I did this calibration method with the first few, but they were pretty close to right so I got lazy...depends on how keen you are!

 

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cathodeRay
(@cathoderay)
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@derek-m (and @jamespa) - I agree models definitely have their uses when used sensibly, but I fear these days far too many people believe models are the be all and end all of everything - and as a result are in awe of them - and as we have seen only too clearly models can get us into a terrible mess, for example, it can be clearly argued that the whole recent pandemic and pandemic response was driven entirely by models that precipitated a sequence of events that even at the time I said was the lunatics running the asylum and now increasingly others are rather late in the day realising that perhaps turning a pandemic into a panicdemic isn't such a good idea after all. The antidote to models on steroids is real world data. By mid 2020 we had enough real world data to see what was going on, and should have reacted to the real world data, not hysterical forecasts from dubious models. There was also the perennial problem of politicians not understanding science, leading to them allowing themselves to be bamboozled by a cabal of hysterical public heath doctors for whom normally the biggest event of the decade is the food poisoning outbreak (n=2, possibly 3 if we include patient DZ who felt a bit queer for a few hours on day 3 of the outbreak) from the local kebab take-away, who suddenly found they had seats at the top table, which they had no plans to leave before they absolutely had to.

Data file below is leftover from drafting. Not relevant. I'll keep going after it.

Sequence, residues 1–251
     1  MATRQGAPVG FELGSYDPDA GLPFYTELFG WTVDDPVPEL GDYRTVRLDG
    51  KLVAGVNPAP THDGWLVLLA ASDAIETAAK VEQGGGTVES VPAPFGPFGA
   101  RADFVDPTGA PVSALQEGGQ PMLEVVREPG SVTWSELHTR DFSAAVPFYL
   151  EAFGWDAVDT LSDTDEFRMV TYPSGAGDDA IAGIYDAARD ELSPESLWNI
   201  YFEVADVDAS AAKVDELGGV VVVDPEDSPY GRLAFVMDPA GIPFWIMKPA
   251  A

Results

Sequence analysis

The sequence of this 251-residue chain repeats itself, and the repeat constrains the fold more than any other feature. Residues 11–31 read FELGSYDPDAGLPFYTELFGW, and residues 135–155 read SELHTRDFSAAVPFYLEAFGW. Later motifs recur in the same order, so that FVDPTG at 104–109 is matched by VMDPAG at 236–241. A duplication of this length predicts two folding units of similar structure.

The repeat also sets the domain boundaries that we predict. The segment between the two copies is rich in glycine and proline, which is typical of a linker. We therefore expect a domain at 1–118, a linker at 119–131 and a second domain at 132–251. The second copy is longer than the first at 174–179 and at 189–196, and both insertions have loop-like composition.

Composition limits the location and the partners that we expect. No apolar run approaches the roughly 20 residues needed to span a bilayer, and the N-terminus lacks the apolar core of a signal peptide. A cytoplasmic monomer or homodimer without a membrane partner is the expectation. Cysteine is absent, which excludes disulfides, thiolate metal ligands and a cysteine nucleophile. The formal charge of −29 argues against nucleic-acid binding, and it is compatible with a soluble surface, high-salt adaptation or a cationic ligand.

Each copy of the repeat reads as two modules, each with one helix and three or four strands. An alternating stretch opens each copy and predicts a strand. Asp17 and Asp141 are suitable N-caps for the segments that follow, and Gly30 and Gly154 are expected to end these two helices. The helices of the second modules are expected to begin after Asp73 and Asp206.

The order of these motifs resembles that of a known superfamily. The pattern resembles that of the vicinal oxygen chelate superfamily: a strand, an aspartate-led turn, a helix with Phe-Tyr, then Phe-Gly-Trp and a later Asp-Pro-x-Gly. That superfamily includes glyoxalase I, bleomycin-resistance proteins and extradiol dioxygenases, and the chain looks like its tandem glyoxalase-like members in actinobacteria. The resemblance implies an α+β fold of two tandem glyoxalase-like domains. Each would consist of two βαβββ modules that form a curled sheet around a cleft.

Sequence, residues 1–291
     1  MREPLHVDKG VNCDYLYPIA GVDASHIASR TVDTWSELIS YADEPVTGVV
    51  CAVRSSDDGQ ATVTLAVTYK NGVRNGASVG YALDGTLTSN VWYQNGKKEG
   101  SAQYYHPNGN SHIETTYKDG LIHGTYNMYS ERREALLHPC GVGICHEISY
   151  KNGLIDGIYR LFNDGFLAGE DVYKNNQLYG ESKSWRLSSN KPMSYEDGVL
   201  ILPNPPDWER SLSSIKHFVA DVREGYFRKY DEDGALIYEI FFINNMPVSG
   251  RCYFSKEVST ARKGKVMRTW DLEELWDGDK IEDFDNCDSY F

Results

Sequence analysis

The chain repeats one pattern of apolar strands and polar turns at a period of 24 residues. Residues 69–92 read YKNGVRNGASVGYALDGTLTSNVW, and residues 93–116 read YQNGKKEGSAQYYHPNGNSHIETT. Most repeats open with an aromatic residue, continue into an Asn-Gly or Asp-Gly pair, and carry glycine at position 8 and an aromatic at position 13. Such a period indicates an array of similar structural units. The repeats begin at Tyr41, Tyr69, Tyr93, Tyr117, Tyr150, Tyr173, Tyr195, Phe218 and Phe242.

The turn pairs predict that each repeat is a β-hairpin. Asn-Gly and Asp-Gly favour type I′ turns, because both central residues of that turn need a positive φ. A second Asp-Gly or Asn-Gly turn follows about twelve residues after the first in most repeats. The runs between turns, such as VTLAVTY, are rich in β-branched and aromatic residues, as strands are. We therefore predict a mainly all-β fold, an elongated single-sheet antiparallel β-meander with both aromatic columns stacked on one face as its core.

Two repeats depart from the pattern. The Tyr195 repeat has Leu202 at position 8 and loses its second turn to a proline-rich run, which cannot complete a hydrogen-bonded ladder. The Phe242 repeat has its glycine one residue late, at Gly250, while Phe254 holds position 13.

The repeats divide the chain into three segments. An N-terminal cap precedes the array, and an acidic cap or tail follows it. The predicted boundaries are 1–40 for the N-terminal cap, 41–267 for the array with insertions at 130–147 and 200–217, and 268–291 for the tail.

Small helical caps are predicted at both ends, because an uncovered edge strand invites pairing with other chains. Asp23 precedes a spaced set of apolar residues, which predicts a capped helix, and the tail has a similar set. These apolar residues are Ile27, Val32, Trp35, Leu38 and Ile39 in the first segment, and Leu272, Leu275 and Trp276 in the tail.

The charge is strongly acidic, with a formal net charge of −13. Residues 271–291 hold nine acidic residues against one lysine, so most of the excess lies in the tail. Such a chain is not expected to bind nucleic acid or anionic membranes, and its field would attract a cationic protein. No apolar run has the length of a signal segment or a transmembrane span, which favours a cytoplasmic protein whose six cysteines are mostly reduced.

I hardly need to point out that AI is a form of modelling.

In medicine, we often distinguish between efficacy, what something can achieve in ideal conditions eg a drug in a clinical trial, which is a highly abnormal setting, and effectiveness, which is how well the same drug does in the real world, where patients get back to being real patients and behave like real patients eg forgetting to take meds, experimenting with oral meds as suppositories (and quite possibly vice versa), feeding the meds to the ducks in the park or to the dog because she was poorly too etc etc. This is where I think our observational studies of our heating systems come in useful. By definition, because they are observational studies, nothing is controlled in the formal sense, but we are observing real systems in real houses with real people in them, and that has to count for something. Furthermore, although the external variables (eg weather) are changing all the time, most of the time they happen within certain limits, and there are periods of, for example, similar weather - an Indian summer, a cold snap etc. I think if the right data is collected then we should end up with good enough data, not perfect, but good enough, for example, to make an educated guess as to whether continuous or on/off running uses more energy overall. As I have said many times, better a good enough answer to the right question, than a perfect answer to the wrong question. 

Midea 14kW (for now...) ASHP heating both building and DHW


   
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(@derek-m)
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@cathoderay

I don't disagree with most that you state.

To me a model should be created using real World data and then tested against a working system. Once proven to be reasonably accurate, it can then be used to see the effect of say installing larger heat emitters or fitting additional insulation.